Tuesday, June 2, 2015

The Religiosity of Silence

In 2013, I wrote an article about the then latest reality TV scandal featuring A&E’s Duck Dynasty’s Phil Robertson and his rampant foot-in-mouth disease that caused him to express his true distaste for the LGBT community and mainly the sexual proclivities of gay men in the pages of GQ.

1432305381_josh-duggar-speaking-467Now, two years later, it isn’t Josh Duggar’s, star of TLC’’s ’19 Kids and Counting’, anti-LGBT statements getting him into trouble but rather his sexual assault and molestation of 5 girls, including two of his sisters. However, while the Internet explodes with attacks against Josh Duggar and his Quiverfull background it is vital to remember that the silence that he and his family inflicted upon his victims back in 2006 has not only been ongoing since then but also is being reemphasized today with each keystroke focusing on the assailant rather than the victims.

Starting in the 1980s, “Quiverfull,” the religion that the Duggar family image0012adhere to, spread through various evangelical circles with principles focused around biblical literalism such as: traditional gender roles, emphasis on family values, and a scorn and fear of the secular (read: modern) world. Furthermore, while having lots of kids in the Quiverfull religion isn’t just about building up one’s quiver but rather reemphasizing the way in which the world should be run: with women as subservient child producers who are taught to be silent no matter what hardships they face. Josh Duggar and the rest of his Quiverfull family exist in and perpetuate a culture of silence that emphasizes the male struggle while demeaning a woman’s pain as being a result of her having a sinful heart. It should be no shock then to find out that in a world of silence those who are affected the most by silence find it the most difficult to not only speak out but also be heard when men rule the roost.

While the facts surrounding the culture of silence in regards to assault and molestation are shocking, some other facts emphasize why the case against Josh Duggar is all too real: acquaintance perpetrators are the most common abusers making up almost 70-90% of all perpetrators with 89% of child sexual assault cases involving persons known to the child, with 29% of child sexual abuse offenders being relatives and 60% being acquaintances.
In a repetitive culture of abuse and silence, is it really shocking to find out that an individual who preached such hate and discontent for others actually perpetuated other forms of heinous abuse against others?

To say that I was shocked by the revelation about Josh Duggar’s past would be a misnomer; however, to say that I don’t care would be an outright lie. I do care about what happened because I care about the 5 girls he molested and I care about what happens to them now and in the future when they are no longer silenced and are allowed to be free and feel the pain and hurt he inflicted upon them all those years ago in a new light.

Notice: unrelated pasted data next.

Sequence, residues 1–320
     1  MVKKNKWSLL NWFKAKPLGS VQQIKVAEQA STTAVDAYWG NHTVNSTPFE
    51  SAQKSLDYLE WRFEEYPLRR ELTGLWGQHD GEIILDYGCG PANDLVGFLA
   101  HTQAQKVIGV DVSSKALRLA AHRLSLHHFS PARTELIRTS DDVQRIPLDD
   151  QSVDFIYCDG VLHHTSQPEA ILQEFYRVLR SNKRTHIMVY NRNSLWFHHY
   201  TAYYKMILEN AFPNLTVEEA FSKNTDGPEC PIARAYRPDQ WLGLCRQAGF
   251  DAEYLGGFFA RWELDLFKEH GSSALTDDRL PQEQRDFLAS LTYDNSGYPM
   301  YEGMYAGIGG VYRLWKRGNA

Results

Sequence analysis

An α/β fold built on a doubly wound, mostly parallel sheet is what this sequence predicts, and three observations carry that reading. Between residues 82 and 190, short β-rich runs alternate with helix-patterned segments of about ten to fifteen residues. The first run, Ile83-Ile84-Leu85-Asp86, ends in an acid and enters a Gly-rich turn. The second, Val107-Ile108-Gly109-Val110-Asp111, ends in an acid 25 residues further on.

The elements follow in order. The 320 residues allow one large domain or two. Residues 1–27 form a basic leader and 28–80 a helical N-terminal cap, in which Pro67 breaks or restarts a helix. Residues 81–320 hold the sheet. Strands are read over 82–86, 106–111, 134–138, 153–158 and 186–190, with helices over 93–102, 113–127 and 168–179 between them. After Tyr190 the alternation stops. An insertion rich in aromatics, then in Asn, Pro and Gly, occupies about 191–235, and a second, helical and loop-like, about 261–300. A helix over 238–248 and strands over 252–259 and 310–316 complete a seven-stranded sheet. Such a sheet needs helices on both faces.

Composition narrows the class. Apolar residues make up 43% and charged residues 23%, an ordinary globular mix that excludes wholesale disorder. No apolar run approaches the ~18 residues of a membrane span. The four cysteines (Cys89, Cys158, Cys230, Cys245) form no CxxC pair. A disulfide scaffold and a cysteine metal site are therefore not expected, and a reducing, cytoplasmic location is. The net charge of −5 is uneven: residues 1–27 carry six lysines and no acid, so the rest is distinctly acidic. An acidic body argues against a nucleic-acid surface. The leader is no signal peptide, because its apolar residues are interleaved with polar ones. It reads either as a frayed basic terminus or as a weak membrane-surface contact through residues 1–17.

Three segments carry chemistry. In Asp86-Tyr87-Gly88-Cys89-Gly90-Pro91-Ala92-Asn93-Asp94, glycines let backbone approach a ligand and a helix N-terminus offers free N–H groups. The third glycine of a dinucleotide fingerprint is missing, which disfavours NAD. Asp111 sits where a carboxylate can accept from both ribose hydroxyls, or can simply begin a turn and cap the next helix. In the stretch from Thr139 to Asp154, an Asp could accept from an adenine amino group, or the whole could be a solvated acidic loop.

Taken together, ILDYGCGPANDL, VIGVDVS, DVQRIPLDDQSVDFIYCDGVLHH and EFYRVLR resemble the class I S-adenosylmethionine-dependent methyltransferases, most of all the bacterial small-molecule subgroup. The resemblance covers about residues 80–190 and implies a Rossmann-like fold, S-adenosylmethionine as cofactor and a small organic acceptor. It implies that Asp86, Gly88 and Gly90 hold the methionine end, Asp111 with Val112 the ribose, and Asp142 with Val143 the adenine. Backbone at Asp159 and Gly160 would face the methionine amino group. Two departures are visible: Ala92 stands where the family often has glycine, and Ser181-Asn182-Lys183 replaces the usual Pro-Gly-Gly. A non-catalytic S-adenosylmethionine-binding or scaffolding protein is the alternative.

We need to hear their voices, we need to hear their stories and more importantly, we need to stop giving the headline to the name “Josh Duggar” and start giving it back to the young girls, not only in Arkansas but also around the world who are forced to live their lives in silence and fear and without the hope that their assailants, regardless of whether or not they were the son to a multi-million corporate television reality cash cow or just a regular person walking down the street.

Sexual assault and violence know no gender and in the case of Josh Duggar, the main thing we need to remember that although he got caught, he probably never stopped and even more terrifying is: who will stop him now that he is the head of his household with four young kids in his quiver?
John Erickson is a Ph.D. Candidate in American Religious History at Claremont Graduate University. He holds a MA in Women’s Studies in Religion; an MA in Applied Women’s Studies; and a BA in Women’s Literature and Women’s Studies. He is a Permanent Contributor to the blog Feminism and Religion, a Non-Fiction Reviewer for Lambda Literary, the leader in LGBT reviews, author interviews, opinions and news since 1989 and the Co-Chair of the Queer Studies in Religion section of the American Academy of Religion's Western Region, the only regional section of the American Academy of Religion that is dedicated to the exploration of queer studies in religion and other relevant fields in the nation and the President of the University of Wisconsin Oshkosh's LGBTQA+ Alumni Association. When he is not working on his dissertation, he can be found at West Hollywood City Hall where he is the Community Events Technician and works on policies and special events relating to women, gender, sexuality, and human rights issues that are sponsored or co-sponsored by the City of West Hollywood. He is the author of the blog From Wisconsin, with Love and can be followed on Twitter @JErickson85